At only 19, Manaia already had a long history of mental health problems, including multiple suicide attempts and a week-long stint in a mental health hospital. About a week before her death, Manaia was admitted as an inpatient at Auckland’s mental health hospital. She initially found being there difficult, the coroner’s report states. “She was hard to engage with and she self harmed by scratching and biting herself and banging her head against the wall,” the report says. But this improved after she had contact with the Kai Atawhai Māori Cultural Team, and other Māori workers. Staff described her as polite, pleasant and co-operative.

She was often noted to be mute when there were no Māori staff present. A COMMENT MADE IN REPORT INTO MANAIA'S DEATH

During her last two days in hospital, Manaia's mood appeared normal and she told clinicians she had hope and things to look forward to. But at her discharge meeting on December 6, clinicians told Manaia that Manawanui could not see her after all. Manaia's mother later said that when Manaia heard the assessment had been cancelled, she lost hope.

Manaia was found dead the next day.

After her death, the ADHB completed an incident review. It concluded that the clinical care provided to Manaia was of a good standard, but the lack of Māori support available and Manawanui’s under-resourcing led to “deficiencies” in her care. This was not only a temporary problem with staffing but a “systemic structural problem”, the report says.

Mental health promotion campaign poster aimed at Maori.

The lack of kaupapa Māori mental health services has plagued the system for years.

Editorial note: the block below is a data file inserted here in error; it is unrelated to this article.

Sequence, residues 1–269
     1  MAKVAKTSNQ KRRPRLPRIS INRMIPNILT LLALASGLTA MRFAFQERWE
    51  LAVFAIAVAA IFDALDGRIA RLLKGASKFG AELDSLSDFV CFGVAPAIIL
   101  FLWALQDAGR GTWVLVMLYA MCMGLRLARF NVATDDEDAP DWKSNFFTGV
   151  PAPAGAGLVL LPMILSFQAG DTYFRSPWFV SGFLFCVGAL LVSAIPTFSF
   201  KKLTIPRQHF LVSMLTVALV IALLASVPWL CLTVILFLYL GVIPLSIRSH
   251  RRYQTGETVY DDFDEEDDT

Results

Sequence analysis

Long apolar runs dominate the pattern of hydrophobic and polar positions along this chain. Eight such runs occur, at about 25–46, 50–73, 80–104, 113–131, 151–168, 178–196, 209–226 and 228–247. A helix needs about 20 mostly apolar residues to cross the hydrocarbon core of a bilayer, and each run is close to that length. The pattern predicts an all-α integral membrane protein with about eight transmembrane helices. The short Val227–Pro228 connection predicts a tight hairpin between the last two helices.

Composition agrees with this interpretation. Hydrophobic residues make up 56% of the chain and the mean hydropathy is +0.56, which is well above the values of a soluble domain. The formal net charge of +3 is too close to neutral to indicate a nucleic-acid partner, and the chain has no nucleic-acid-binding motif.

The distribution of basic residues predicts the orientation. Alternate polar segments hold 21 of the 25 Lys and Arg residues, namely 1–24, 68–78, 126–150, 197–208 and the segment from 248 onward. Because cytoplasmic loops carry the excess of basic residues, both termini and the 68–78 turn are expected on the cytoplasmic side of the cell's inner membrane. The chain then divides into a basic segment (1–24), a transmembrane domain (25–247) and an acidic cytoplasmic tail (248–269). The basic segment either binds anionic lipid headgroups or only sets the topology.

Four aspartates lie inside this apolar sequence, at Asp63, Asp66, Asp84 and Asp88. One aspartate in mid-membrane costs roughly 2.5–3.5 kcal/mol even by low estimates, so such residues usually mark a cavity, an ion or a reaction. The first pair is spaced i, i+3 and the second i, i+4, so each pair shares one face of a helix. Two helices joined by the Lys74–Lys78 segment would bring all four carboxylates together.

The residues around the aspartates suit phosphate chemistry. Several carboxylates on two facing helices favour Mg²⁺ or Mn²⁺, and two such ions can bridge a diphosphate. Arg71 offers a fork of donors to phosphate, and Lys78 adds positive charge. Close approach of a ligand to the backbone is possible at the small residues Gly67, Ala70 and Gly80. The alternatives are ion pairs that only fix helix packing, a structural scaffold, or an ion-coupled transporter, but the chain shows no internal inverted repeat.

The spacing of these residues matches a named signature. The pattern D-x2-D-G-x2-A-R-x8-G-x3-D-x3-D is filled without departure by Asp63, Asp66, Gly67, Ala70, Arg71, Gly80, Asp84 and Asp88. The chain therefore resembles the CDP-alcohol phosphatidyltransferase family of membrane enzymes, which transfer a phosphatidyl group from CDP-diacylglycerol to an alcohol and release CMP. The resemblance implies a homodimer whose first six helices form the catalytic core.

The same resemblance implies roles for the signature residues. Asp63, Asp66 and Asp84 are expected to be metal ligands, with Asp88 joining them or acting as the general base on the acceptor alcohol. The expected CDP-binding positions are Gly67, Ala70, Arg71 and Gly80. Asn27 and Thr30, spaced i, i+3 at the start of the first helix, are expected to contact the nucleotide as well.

The lack of kaupapa Māori mental health services has plagued the system for years.

Since Manaia’s death, ADHB has created two new Māori leaders roles in its mental health services, and increased staff at Manawanui. The service now has 22 full-time staff and is recruiting for two more. The average wait time for patients to have their first contact with the service from referral is 15 days. In her 2020 report into Manaia’s death, coroner Janet Anderson said the changes were encouraging, but much more needed to be done. She made a formal recommendation for the ADHB to increase kaupapa Māori services.

*Name has been change to protect the family’s privacy

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Anna sitting under a tree, looking up at the leaves.

Psychiatrist Dr Mark Lawrence (Te Rarawa) is the only Māori doctor in the service he works for in Tauranga. SUPPLIED

Psychiatrist Dr Mark Lawrence (Te Rarawa) is the only Māori doctor in the service he works for in Tauranga. SUPPLIED

Psychiatrist Dr Mark Lawrence (Te Rarawa) is the only Māori doctor in the service he works for in Tauranga. It is not an uncommon situation. Māori clinicians face huge expectations, he says. While the Māori medical workforce has grown, it still does not represent the community it serves.

“I can't be the doctor that sees every Māori patient in the service because I will be inundated and I will be burnt out.”

If you don’t indigenise systems, you keep colonising them. PSYCHIATRIST DR MARK LAWRENCE (TE RARAWA)

Health Minister Andrew Little says of the 660 additional frontline workers that have been funded since 2019, about 200 are working in the Māori and Pasifika space. “There has been a lot more work done this year to make sure that kaupapa Māori [and Pasifika] health providers have been commissioned.”

Māori tend to distrust health services because of colonisation and racism, Lawrence says. They rarely come to mental health services through their GP. Rather, they present in crisis with multiple problems including trauma, complex living situations, co-morbid issues and substance abuse. Many have been unwell for a while. The vast majority of Māori Lawrence sees in his service are treated against their will under the Mental Health Act. That’s why it is crucial to improve free access to early intervention services for Māori, he says. There has been progress, but not enough.

“A lot of people know how to use the system to their advantage. I can tell you now that Māori are not these people.”

The final word

Hearing people’s stories while doing this project was often heartbreaking and maddening. How did it get to a point where a suicidal child, a woman with a life-threatening eating disorder and a teenager spiralling into alcoholism are told their distress is not serious enough to warrant urgent help? How are so many clinicians burnt out to the point of wanting to quit?